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Kcdp Pac Comment Submission On Recode Knoxville Draft 3 Map And Draft 4 Text

On behalf of the Knox County Democratic Party (KCDP) Progressive Action Committee (PAC), we would like to submit the attached comments on ReCode Knoxville Map Draft 3 and ReCode Text Draft 4.

We would especially like to point out our recommendation that the Planning staff seek out more lots to designate as RN-3 or RN-4, focusing on lots within a quarter-mile of core and local bus route stops that have no structures and/or that have non-historic structures that were built more recently, for example since 1980. We would be happy to partner with you and neighborhood groups to find such lots suitable for RN-3 or RN-4, and we look forward to following up with you about this.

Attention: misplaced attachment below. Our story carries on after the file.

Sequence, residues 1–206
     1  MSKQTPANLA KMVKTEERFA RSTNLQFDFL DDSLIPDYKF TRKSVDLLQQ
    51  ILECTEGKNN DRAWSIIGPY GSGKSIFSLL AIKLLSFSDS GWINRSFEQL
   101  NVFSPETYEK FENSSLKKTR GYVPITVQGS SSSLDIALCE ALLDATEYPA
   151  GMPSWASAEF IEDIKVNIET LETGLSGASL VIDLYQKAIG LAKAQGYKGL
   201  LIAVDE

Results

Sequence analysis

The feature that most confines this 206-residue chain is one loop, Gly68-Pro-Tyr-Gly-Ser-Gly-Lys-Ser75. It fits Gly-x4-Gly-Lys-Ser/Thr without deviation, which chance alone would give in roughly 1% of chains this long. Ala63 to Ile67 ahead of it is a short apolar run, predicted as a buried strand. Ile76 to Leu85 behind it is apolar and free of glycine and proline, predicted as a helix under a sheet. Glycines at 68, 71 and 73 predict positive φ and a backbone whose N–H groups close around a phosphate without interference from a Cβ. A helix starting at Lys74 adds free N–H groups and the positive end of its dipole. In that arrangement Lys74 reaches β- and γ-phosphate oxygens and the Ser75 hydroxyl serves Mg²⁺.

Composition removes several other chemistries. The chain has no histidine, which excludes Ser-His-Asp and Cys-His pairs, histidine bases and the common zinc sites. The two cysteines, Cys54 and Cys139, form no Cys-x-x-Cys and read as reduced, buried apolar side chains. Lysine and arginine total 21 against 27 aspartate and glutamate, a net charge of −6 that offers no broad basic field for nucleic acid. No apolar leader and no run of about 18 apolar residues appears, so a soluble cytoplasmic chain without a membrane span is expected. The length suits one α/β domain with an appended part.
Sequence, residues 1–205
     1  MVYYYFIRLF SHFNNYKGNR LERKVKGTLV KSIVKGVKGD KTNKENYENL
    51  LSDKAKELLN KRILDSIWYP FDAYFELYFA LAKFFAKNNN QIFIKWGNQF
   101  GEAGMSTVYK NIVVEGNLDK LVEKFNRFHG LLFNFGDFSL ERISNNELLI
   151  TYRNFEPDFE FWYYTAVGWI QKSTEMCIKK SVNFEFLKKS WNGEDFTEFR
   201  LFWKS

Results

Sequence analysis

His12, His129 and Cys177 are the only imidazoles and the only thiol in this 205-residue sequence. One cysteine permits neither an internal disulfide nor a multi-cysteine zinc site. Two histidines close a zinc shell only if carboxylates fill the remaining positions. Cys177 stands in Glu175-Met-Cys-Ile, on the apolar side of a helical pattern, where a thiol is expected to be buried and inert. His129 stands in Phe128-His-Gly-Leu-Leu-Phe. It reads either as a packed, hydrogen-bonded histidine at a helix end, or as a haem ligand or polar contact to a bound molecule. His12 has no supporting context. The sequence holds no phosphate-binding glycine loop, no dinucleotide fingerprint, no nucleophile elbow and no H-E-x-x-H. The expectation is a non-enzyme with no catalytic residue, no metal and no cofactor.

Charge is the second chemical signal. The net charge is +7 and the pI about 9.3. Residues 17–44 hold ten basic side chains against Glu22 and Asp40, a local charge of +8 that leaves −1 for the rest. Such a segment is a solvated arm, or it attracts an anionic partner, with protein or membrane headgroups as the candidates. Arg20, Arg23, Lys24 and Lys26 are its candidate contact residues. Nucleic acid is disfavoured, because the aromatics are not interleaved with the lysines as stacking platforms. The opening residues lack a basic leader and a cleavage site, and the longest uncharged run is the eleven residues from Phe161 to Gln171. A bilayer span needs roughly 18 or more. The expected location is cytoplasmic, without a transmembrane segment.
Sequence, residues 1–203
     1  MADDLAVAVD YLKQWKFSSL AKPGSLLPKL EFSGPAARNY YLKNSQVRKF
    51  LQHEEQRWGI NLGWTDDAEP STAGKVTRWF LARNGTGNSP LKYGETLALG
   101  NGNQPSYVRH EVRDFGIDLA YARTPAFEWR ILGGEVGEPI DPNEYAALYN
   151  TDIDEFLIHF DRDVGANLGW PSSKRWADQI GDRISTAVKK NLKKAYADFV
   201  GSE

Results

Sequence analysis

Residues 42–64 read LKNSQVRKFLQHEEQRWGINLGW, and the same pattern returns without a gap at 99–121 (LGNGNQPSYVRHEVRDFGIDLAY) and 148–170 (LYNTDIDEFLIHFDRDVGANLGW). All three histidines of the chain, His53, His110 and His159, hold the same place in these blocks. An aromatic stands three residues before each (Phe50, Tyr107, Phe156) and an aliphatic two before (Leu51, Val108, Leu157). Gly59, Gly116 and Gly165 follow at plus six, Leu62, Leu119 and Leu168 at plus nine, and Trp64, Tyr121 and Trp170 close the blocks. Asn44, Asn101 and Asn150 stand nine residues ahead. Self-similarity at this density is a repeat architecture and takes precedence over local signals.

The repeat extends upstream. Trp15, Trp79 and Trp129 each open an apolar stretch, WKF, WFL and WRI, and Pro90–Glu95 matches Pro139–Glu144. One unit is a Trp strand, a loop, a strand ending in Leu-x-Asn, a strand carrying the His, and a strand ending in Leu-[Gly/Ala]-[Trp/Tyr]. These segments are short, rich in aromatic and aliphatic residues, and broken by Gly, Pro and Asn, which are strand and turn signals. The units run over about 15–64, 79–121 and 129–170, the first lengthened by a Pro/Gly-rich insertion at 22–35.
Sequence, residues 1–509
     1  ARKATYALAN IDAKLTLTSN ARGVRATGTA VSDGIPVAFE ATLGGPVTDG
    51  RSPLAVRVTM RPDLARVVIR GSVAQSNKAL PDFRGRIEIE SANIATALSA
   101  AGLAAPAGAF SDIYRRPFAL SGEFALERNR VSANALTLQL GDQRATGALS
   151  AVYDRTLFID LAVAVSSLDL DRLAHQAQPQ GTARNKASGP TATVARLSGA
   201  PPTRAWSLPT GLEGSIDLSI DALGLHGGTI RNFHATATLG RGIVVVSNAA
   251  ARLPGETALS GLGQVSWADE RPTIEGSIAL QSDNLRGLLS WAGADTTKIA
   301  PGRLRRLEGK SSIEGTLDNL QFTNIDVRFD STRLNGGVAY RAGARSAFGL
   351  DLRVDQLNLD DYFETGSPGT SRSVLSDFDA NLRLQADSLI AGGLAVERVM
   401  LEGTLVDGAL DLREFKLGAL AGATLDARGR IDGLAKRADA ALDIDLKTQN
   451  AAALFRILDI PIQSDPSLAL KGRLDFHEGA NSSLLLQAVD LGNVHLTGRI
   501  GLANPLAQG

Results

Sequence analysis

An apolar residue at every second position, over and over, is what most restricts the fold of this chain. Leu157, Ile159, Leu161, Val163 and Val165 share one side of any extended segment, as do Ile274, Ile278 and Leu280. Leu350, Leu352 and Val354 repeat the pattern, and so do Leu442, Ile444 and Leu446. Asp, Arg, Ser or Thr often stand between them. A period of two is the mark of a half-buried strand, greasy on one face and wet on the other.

Below is the list of PAC members that ratified this comment submission:

Emily Gregg - KCDP Chair & TNDP Executive Committee Member

Allie Cohn - PAC Co-Chair & KCDP Secretary and Executive Committee Member

Michael Davis - PAC Co-Chair & KCDP Executive Committee Member

Sylvia Woods -PAC Steering Team Member, KCDP Executive Committee Member; Tennessee Democratic Party Executive Committee Member

LaKenya Middlebrook - PAC Steering Team Member
Elizabeth Rowland - PAC Steering Team Member

Moira Connelly - PAC Steering Team Member

Matt Sterling - PAC Member

Please let us know if you or your team members have any questions on our submission.

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C-g-2 Zoning Comments